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Ford Center for the Fine Arts

Knox “Abolition for All Time” Lab Excels in Second Year

The Knox College “Abolition for All Time” lab completed its second year of a three-year grant, marked by significant progress and achievements. 

At the start of 2022, the Andrew W. Mellon Foundation awarded Knox College a $1.2 million grant, enabling the development of new courses, faculty mentorship of student research projects, and a deeper engagement with abolition and social justice on campus, all as a means to increase students’ understanding of the humanities. The lab's first year laid the groundwork, described by Associate Dean for Faculty Development Danielle Fatkin as a “springboard” year. In its second year, the lab advanced significantly, building upon this foundation and expanding its reach.

A major focus of the second year was curricular innovation, aiming to help faculty imagine new ways to engage students in humanistic learning across various departments. The Abolition Lab collaborated with nine courses and engaged 126 students in 2023.

In December 2023, Knox hosted a two-day workshop titled “Lessons in Liberation: Contemporary Abolition & Knox College in the Twenty-First Century,” led by Fatkin. This workshop brought together faculty from diverse disciplines to explore contemporary abolitionist projects and their relevance to the College's mission. 

In February 2024, Professors Gregory Gilbert and Gonzalo Pinilla brought the “The Long Term” exhibit to Knox’s Borzello Gallery. The exhibit features art created by incarcerated individuals to express and protest against their experience of inequitable long-term prison sentences. The exhibit coincided with the Theatre Department’s production of “Clyde’s,” a play about the life of people returning to their lives following incarceration. Together, these events provided an avenue to enrich the community's engagement with the lab's themes.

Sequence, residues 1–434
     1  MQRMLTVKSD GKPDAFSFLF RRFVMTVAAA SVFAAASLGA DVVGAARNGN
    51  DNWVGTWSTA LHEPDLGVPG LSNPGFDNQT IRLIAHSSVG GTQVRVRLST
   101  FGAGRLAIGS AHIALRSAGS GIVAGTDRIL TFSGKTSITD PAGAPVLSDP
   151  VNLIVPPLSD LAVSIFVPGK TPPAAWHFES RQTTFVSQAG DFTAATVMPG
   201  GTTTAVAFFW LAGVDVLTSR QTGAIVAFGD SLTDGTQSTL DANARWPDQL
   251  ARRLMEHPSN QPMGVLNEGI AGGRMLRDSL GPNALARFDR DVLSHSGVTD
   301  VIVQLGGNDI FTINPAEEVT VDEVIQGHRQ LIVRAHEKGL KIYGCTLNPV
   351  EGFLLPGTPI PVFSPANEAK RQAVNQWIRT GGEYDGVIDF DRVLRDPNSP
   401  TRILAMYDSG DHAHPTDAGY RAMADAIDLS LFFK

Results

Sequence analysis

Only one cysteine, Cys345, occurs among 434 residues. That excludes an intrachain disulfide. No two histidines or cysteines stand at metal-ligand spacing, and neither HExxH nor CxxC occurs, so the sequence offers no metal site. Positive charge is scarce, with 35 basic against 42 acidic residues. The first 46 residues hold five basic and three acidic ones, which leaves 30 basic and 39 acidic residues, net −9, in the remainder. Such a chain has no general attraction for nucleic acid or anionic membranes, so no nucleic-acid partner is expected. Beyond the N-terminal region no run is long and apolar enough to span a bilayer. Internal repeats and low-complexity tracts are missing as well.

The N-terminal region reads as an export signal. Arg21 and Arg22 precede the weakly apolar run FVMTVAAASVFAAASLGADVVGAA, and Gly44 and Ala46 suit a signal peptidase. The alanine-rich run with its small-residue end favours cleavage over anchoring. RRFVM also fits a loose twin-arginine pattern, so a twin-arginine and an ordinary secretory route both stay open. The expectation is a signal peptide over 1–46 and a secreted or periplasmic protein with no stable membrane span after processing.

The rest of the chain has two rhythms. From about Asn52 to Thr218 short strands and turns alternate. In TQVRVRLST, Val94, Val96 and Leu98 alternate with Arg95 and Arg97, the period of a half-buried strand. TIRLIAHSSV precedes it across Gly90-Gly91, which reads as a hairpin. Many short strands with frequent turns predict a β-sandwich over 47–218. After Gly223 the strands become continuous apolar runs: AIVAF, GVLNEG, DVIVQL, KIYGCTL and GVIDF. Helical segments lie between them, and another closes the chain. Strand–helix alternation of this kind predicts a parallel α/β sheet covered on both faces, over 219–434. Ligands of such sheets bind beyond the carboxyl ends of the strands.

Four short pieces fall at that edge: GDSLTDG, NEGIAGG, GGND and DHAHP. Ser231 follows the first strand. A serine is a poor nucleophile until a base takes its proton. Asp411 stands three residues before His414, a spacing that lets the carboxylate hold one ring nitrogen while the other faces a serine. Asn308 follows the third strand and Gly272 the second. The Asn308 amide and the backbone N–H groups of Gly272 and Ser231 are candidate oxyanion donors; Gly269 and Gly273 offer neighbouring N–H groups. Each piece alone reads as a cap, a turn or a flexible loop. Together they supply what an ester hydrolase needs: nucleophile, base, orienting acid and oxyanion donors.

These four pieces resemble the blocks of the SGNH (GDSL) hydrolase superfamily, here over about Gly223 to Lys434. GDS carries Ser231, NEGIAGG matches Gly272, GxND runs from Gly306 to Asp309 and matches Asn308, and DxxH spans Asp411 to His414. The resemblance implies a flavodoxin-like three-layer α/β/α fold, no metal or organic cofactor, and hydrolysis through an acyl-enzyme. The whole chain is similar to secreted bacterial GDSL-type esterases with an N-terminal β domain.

“The workshops created robust conversations. There was strong engagement throughout,” Fatkin said. 

Hilary Lehmann

Inside of Seymour Library, work was completed to create an official Abolition Lab space. Formerly the reference room, the new space includes new modular tables and furniture, allowing those using the room to adjust workspaces for collaboration. The room also includes new TV monitors on each wall, allowing the space to showcase digital humanities research. Multiple student workers were hired to staff the room, helping those using the space with new equipment. 

Director of the Seymour Library Anne Thomason shared excitement for the renovated space. While library staff hope the lab is utilized for humanities disciplines, she envisions the entire community finding ways to use it to its full potential. 

“I love this space. People are using it all the time, outside of abolition lab classes too. It’s been a wonderful addition,” Thomason said. 

Looking ahead to the final year of the grant, Fatkin aims to increase faculty engagement and focus on measurable outcomes, including further integration of digital humanities work led by Digital Humanities Postdoctoral Fellow Jen Andrella. She expressed optimism about the increasing faculty involvement and the gradual integration of digital humanities into the curriculum.

“We’ve been able to work with more and more faculty. These tools take time to understand,” Andrella said. “People need to know what options are available. It’s been a gradual process, but I’ve seen increased growth from year one to year two.” 

Fatkin expressed satisfaction with the lab's progress and community engagement. With the final year of the grant cycle already underway, she shared an appreciation for the community’s engagement with what is being developed. 

“I have enjoyed working with everyone involved,” Fatkin said. “We have set up a process that makes sense, that is straightforward, and allows us to get people into the labs and help support work. It sets them up for whatever’s next, whether in the lab or elsewhere.”

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Printed on Monday, May 20, 2024